It is easy to read the opening chapter of Mark's gospel and be struck by what's missing, namely a birth narrative. There are no angels. No Joseph. No Mary. No genealogy. Yet, pay attention to what is there. In his own way, like every other gospel, Mark starts by trying to tell us who Jesus is: The Christ, the Son of God. Sometimes Mark puts Jesus' identity into the mouths of others: Isaiah, the Holy Spirit at Baptism, the evil spirit, the reaction of the amazed congregation. Other times, Mark doesn't tell; he shows: through Jesus' ability to resist temptation, call disciples, teach, cast out evil, and heal.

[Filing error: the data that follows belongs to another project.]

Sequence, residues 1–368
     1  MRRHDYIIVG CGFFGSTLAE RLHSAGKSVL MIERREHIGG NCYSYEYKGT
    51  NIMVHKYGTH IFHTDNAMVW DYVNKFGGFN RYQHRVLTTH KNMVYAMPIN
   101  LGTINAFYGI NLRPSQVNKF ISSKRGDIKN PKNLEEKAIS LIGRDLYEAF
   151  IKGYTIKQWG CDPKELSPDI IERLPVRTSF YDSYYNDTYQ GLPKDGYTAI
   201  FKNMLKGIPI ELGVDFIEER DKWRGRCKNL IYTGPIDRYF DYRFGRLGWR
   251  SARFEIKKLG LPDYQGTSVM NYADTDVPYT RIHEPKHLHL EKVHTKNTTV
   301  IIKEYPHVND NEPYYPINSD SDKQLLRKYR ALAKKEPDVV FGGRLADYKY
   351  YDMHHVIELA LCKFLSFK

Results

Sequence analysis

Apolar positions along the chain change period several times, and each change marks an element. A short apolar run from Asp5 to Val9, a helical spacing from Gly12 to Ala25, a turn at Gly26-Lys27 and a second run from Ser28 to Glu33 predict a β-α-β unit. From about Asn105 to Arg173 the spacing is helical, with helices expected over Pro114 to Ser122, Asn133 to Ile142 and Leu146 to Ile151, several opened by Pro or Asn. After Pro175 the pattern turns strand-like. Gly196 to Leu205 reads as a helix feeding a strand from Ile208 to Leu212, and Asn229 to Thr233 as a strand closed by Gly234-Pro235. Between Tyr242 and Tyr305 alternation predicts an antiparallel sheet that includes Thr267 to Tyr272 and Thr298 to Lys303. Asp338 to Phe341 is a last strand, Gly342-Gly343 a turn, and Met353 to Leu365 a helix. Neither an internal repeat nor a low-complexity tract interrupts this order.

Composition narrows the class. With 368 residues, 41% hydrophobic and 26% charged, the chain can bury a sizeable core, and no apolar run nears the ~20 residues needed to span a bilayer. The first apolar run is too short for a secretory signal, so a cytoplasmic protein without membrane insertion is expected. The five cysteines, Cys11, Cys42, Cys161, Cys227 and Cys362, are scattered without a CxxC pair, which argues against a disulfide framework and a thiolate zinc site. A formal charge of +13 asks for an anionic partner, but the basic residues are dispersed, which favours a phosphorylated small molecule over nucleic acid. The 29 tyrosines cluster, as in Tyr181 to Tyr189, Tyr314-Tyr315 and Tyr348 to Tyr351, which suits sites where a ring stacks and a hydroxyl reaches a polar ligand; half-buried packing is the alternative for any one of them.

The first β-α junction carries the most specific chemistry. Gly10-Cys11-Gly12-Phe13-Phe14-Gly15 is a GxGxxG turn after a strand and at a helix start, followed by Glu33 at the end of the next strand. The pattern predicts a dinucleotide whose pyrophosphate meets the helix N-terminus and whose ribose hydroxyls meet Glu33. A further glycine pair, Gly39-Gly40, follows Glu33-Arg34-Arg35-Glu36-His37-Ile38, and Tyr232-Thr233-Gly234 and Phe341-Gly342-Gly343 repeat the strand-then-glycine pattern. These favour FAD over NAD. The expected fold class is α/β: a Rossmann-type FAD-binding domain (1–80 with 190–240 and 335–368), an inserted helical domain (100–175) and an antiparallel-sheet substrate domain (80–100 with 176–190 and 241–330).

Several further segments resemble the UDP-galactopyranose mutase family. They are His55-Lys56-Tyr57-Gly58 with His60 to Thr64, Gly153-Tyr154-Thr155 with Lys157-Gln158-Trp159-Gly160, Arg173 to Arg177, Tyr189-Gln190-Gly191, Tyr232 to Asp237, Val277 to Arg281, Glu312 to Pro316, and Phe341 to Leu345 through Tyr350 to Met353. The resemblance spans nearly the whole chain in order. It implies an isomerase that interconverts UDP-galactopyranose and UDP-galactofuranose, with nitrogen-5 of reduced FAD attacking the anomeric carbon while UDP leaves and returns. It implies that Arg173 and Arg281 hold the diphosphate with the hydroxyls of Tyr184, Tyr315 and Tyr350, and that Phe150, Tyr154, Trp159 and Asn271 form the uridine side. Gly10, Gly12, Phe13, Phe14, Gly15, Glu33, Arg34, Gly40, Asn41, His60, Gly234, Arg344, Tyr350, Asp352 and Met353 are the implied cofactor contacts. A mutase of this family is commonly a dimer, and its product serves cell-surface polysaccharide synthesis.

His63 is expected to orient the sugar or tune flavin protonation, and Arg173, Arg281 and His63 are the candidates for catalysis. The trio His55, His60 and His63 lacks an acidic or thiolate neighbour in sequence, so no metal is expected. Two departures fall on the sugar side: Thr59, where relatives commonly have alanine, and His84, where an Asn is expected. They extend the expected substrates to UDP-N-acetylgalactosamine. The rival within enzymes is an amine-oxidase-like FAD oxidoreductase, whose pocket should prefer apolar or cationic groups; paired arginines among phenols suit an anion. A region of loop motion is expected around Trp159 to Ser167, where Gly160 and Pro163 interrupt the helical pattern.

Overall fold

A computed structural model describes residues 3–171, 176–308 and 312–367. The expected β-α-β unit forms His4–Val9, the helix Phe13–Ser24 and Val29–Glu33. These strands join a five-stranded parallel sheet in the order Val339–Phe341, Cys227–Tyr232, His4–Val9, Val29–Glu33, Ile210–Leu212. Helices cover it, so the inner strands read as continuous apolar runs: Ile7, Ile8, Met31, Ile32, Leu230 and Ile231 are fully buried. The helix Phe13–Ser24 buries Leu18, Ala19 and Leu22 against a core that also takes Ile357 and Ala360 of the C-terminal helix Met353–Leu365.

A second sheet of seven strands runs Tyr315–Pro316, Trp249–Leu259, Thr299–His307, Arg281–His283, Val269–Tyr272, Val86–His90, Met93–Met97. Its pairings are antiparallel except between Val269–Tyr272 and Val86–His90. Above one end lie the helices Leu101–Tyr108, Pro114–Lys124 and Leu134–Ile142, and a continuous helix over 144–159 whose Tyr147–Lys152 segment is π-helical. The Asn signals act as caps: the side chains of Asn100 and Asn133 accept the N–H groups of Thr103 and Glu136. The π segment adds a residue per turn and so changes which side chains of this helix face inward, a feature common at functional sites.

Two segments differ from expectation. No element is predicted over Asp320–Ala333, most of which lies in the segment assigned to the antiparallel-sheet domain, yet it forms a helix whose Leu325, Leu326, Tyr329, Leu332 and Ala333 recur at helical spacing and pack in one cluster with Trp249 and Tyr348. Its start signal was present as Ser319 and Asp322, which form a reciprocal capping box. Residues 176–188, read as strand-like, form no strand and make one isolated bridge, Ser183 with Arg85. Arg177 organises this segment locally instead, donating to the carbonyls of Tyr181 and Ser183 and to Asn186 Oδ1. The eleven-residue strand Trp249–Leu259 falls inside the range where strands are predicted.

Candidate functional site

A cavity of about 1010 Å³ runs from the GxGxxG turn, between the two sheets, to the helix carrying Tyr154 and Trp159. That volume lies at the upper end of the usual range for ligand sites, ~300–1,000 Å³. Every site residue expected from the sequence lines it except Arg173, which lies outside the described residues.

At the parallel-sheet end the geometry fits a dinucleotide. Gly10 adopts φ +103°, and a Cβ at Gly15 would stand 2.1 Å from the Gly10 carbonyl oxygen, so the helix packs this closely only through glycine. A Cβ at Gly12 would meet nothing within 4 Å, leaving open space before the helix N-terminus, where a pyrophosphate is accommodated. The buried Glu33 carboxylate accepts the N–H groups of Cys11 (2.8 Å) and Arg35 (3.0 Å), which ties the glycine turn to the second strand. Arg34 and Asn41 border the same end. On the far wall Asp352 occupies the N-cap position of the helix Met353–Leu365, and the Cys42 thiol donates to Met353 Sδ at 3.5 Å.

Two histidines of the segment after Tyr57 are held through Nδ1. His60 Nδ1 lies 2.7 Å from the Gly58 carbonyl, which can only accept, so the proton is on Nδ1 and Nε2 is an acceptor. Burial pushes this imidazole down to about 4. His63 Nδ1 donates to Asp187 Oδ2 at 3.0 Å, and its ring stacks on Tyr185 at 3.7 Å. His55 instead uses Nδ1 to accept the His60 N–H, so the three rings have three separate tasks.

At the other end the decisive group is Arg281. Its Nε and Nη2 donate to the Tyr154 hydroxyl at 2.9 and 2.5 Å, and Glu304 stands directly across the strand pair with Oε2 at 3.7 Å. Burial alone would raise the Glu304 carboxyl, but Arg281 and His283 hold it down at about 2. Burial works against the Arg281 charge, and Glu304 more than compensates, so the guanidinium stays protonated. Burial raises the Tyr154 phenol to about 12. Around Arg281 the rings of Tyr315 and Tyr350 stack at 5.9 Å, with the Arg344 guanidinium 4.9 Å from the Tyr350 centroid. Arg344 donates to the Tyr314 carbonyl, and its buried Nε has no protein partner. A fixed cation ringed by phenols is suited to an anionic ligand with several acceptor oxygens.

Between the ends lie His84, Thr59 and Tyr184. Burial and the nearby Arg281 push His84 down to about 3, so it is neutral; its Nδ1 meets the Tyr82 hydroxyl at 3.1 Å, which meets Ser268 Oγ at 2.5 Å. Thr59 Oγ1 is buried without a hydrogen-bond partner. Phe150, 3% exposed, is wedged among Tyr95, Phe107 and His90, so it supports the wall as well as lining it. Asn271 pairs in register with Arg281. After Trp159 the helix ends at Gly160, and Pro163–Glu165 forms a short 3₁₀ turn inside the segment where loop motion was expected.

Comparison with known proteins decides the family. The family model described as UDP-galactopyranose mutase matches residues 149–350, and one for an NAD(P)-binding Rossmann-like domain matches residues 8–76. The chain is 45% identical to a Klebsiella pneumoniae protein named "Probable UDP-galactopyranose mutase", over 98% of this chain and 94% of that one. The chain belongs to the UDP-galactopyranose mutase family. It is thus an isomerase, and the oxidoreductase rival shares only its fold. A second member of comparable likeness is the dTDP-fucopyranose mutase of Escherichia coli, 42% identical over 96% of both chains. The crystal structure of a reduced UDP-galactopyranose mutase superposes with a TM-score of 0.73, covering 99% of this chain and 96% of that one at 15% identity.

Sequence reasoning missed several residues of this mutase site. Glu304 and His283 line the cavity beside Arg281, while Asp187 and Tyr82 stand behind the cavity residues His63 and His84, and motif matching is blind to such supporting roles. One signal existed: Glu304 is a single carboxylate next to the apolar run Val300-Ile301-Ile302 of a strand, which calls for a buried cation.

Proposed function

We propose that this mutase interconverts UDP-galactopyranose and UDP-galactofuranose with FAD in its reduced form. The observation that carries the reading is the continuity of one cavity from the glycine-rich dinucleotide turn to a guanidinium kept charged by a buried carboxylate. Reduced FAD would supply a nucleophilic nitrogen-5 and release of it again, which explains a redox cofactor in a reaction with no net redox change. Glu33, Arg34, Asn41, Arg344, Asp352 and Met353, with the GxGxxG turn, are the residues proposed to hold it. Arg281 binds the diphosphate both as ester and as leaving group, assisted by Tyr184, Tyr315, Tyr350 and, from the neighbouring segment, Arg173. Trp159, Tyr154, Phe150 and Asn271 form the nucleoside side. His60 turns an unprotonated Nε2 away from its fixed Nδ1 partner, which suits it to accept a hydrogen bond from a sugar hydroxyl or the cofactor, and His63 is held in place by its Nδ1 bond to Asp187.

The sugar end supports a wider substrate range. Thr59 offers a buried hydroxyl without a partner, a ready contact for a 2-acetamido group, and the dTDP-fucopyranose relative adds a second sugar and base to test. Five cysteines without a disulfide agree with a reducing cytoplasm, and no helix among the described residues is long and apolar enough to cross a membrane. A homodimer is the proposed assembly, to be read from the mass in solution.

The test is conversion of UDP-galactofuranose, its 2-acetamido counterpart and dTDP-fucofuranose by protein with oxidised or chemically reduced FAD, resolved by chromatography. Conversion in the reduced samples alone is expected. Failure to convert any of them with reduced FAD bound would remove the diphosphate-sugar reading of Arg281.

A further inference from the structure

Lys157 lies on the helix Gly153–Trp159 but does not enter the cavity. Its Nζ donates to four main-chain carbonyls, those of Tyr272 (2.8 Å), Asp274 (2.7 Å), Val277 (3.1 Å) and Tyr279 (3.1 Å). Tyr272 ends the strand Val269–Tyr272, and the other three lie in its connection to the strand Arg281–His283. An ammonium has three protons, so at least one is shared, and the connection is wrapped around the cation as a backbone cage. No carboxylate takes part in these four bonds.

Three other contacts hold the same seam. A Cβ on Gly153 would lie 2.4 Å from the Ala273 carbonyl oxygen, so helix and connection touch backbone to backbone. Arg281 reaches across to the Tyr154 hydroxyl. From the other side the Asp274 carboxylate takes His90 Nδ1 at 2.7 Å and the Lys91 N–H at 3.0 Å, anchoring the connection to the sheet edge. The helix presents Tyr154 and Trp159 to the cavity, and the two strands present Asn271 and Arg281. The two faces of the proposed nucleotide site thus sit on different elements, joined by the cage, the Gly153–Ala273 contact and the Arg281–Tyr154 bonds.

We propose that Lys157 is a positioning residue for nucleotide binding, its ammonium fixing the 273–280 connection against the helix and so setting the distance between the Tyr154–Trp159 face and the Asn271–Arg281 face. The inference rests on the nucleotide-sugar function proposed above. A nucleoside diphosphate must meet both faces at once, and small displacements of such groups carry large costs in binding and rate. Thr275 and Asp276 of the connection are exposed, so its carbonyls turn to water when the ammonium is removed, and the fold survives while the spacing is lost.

Notice that by Chapter Two, Jesus is having conflict with religious authorities and his family. The conflict stories foreshadow events yet to come, but they, too, clarify who Jesus is and what he is about.

  • What portrait of Jesus emerges from what people say about Jesus?
  • What do we learn from his actions and the conflict?

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